BOSTON -- There was one moment of excitement for the Red Sox before a crowd of 35,406 at Fenway Park on Wednesday night, and it came from the newly acquired bat of Tommy Pham.
The veteran right-handed hitter mauled a three-run shot into the center-field bleachers with one out in the bottom of the seventh to turn a four-run deficit into a one-run deficit. Pham took in the moment as he rounded the bases for a homer on the third straight day.
Alas, the momentum was short-lived for the slumping Red Sox in an 8-4 loss to the Braves.
“It was a big moment,” said Pham. “Put us within one at the time. Just something that kind of gave us a jolt.”
That was chief baseball officer Chaim Bloom’s intention when he acquired Pham for a player to be named or cash on Aug. 1: To give an outfield that has lacked production all season a jolt.
Though it isn’t adding up in the standings for a team that has lost four in a row and six of seven, the hope is that Pham can stay hot and the Red Sox -- who are five games back in the quest for the third and final American League Wild Card spot -- can get hot.
“The thing with Tommy, he stays in the zone. He doesn't expand,” said Red Sox manager Alex Cora. “He’s doing a good job for us. It's a different at-bat. For him to stay up the middle and drive that ball to center is a good sign.”
Pham’s homer in Tuesday’s 9-7 defeat in 11 innings was also roped to center. At some point soon, perhaps Pham will clear the Monster. There are still four games left in this homestand.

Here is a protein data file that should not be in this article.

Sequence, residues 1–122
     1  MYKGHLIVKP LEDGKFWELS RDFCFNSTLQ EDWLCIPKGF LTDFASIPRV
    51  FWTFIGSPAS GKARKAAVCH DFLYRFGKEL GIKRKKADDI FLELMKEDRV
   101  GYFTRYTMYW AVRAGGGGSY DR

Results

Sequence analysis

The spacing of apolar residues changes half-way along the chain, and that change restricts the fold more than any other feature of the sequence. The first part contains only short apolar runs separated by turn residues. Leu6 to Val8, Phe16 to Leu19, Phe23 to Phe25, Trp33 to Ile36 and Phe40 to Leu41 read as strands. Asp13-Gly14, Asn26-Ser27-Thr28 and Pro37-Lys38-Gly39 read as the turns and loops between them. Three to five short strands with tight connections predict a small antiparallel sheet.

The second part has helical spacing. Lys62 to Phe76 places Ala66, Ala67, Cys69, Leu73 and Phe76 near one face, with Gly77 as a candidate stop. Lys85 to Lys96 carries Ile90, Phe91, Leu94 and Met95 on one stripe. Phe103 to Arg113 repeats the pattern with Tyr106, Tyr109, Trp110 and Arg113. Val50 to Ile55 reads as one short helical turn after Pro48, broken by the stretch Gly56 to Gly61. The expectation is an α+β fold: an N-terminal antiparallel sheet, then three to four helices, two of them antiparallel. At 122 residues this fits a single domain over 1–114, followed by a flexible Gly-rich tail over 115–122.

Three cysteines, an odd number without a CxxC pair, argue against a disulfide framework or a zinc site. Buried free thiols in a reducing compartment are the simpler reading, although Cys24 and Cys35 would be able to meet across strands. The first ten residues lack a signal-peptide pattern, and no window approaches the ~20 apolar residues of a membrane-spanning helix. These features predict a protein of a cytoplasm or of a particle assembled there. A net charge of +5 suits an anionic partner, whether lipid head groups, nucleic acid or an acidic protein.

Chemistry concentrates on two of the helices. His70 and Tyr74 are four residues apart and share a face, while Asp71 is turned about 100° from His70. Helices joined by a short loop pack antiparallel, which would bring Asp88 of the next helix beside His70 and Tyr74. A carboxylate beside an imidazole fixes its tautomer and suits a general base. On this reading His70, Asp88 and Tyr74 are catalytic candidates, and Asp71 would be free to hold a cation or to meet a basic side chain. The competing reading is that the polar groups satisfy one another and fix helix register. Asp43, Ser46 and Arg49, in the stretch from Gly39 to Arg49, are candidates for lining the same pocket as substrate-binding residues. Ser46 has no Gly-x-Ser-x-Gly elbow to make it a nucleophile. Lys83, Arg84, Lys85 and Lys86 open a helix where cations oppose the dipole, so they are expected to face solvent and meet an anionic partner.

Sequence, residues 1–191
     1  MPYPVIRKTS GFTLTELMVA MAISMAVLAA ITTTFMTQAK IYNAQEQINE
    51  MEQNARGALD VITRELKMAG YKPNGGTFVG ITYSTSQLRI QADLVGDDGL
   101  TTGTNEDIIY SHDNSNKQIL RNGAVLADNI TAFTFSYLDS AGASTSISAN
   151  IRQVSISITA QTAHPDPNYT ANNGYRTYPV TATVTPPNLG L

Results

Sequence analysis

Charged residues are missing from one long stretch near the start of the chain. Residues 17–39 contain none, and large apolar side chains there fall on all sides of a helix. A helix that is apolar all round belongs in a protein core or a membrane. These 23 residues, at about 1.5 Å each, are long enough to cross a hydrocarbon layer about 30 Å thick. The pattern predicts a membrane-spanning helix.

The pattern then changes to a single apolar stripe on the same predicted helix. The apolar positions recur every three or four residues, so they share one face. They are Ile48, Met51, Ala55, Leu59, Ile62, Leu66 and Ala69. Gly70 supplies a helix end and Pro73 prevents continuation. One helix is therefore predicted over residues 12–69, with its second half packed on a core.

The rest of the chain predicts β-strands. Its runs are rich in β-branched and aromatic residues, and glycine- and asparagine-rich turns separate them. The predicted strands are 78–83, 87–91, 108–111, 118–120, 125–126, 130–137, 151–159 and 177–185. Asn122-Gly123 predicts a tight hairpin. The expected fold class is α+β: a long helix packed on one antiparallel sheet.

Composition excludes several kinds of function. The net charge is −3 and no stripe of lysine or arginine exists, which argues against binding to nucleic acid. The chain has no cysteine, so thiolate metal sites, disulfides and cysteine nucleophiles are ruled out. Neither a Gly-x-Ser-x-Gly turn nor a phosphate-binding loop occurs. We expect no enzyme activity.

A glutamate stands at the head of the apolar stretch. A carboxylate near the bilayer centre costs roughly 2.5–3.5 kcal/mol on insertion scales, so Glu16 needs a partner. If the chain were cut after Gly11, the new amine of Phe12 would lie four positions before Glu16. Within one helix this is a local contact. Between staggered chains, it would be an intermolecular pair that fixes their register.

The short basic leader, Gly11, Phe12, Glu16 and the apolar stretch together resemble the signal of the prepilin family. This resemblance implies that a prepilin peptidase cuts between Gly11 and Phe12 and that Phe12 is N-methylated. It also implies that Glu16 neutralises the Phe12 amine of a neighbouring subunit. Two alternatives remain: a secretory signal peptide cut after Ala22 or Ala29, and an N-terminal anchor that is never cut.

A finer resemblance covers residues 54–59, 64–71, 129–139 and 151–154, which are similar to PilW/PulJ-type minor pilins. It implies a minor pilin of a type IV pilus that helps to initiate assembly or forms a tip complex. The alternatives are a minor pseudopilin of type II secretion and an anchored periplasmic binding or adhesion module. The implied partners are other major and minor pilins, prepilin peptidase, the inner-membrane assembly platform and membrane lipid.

If first impressions are any indication, Pham is enjoying his new surroundings.
“It’s a fun place,” Pham said. “You see the fans show up by the numbers. They’re in the game every inning.”
The Red Sox have been using Pham in the leadoff spot of late, putting him in a good spot to be a spark. However, Pham would like to be more well-rounded than just the guy who is going deep.
“I’m barreling up the the ball a little bit more consistently, but I’m striking out too much,” said Pham. “I’m not getting on base as much as I need to, especially with guys like [Rafael] Devers and [Xander] Bogaerts behind me.”
If not for one untimely misfire to Marcell Ozuna in the top of the fourth that was jacked for a three-run homer over the Monster, Wednesday could have been a big night for Red Sox starter Nick Pivetta.
Over six innings, the only runs Pivetta allowed scored on that one swing. He scattered five hits while walking two and striking out five.
What stung him the most was walking Eddie Rosario with two outs after getting ahead of him 0-2. The 2-2 pitch looked like a strike on the low, outside corner. However, home-plate umpire Adam Beck called it a ball, and Pivetta walked Rosario on the next pitch. Ozuna’s homer followed.
“People expect perfection out of me in those situations. I expect perfection out of other people in those situations,” said Pivetta. “It didn’t go my way. I ended up leaving a middle-middle heater at the end of the day to Ozuna, and he hit it over the fence. I wasn’t able to execute my pitch later to the next hitter.”
What is going on with J.D. Martinez? The slugger has been in a serious funk for close to a month.
From July 13 through Wednesday’s defeat, in which Martinez went 0-for-4 with two strikeouts and a double-play grounder, he is 9-for-71 and has a line of .127/.179/.197 with no homers, six RBIs, four walks and 25 strikeouts.
“We can talk all we want about mechanics and how he works as hard as he does, but the swing decisions have to be better. He needs to make sure he gets them in the zone,” said Cora. "We talked a little bit about it yesterday, ‘You’re still J.D. Martinez.’ You see Charlie Morton, what he did. He expanded. He expanded with him.
“So he needs to get [pitchers] back in the zone and put good swings there, and if not, take your walks. Always, when they're struggling like that, walks are going to get you back to who you are.”